The technician runs a swab across a surface of a possible crime scene, places it in an evidence envelope, and labels it. At a small lab, an instrument signals that the virtually invisible trace on the swab is heroin. The crime scene is a row of lockers in the hallway of your child’s school, says the Shreveport (La.) Times. Traces of LSD, heroin, marijuana, morphine, methamphetamine, cocaine, crack cocaine, codeine, and numerous other substances have been found in the searches at schools by Trace Detection Services of Alexandria, La. “We’re not out to pinpoint any one person” or to put students in jail, said Trace Detection CEO Andy Anderson. “We’re all about kids not doing drugs.”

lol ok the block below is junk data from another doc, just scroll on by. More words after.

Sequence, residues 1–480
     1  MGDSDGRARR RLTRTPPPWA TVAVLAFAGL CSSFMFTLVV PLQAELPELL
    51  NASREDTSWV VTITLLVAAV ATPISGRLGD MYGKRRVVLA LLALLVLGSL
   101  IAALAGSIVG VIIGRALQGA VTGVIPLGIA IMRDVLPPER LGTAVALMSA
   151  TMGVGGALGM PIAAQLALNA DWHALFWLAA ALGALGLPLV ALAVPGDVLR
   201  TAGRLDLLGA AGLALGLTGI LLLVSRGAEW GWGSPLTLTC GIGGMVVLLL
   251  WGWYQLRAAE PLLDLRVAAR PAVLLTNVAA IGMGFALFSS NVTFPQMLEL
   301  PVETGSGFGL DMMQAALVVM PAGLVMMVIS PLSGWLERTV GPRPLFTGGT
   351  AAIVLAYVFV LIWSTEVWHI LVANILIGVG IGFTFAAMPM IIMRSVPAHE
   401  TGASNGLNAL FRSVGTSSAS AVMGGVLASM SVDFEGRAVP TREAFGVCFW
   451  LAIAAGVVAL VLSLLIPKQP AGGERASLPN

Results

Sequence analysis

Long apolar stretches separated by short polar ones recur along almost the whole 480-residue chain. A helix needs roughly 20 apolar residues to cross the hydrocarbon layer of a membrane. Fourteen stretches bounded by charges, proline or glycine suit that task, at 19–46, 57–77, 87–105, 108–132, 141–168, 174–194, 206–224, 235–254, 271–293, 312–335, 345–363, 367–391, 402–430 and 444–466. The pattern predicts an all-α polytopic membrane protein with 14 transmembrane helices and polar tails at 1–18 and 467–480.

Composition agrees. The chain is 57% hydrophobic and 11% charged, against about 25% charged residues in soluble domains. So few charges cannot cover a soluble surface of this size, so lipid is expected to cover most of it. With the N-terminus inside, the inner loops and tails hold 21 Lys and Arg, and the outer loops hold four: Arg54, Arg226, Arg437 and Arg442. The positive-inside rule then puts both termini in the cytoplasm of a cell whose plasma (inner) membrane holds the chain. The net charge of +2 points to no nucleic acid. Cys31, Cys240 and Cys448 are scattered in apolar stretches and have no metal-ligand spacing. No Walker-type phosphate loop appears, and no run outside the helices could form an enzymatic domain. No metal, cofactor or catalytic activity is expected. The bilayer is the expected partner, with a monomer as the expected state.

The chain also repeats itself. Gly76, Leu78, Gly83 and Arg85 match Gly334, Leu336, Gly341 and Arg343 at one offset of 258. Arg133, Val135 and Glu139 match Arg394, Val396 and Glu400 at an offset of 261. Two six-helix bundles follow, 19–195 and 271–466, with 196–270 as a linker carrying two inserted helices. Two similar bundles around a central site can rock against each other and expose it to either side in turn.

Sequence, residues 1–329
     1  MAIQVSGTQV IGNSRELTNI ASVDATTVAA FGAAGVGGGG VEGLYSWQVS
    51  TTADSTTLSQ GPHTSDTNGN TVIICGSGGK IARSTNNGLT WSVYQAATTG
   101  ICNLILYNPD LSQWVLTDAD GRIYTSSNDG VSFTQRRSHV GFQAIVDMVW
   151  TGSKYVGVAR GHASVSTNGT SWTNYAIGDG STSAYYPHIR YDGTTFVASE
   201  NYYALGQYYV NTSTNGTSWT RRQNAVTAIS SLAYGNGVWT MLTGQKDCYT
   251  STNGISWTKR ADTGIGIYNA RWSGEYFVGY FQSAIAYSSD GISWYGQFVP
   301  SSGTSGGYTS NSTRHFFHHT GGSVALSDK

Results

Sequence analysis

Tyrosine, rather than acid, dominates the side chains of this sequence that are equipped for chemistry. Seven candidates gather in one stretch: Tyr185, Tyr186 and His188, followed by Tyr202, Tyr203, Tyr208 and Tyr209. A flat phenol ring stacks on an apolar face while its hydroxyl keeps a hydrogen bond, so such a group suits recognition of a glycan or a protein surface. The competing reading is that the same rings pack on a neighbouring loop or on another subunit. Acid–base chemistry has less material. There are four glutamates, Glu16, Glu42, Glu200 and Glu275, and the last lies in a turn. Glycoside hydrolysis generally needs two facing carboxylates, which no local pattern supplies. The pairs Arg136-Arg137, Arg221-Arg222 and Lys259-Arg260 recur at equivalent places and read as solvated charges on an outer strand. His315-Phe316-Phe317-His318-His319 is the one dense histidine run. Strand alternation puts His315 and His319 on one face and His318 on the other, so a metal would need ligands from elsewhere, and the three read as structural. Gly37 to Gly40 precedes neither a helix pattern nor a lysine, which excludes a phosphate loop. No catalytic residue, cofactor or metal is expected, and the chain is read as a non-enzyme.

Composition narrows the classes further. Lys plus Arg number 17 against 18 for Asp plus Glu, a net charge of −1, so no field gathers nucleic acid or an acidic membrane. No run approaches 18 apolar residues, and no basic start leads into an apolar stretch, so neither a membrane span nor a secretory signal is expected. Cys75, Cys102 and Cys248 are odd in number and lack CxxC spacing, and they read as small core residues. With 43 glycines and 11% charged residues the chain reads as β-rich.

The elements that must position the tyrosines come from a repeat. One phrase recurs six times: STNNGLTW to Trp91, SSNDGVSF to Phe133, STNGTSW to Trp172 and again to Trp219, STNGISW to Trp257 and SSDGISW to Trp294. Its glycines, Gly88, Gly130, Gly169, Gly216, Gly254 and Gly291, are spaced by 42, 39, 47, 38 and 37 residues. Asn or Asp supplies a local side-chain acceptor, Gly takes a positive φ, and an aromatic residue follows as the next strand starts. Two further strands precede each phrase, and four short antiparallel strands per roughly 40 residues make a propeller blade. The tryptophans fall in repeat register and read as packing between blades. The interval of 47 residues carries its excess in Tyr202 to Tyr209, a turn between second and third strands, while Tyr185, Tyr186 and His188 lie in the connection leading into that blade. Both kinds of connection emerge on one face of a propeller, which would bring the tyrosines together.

For $2 per student enrolled in a school, Trace Detection does two assessments, spread six months apart to assure that schools are following up on suggestions, leaves supplies behind for schools to do their own testing, and does free analysis of any future swabs sent to the company. Anderson said the federal Safe and Drug-Free Schools program wants schools to take a more serious approach to eliminating drugs because “ribbons just don’t do it anymore” when students reach their teens.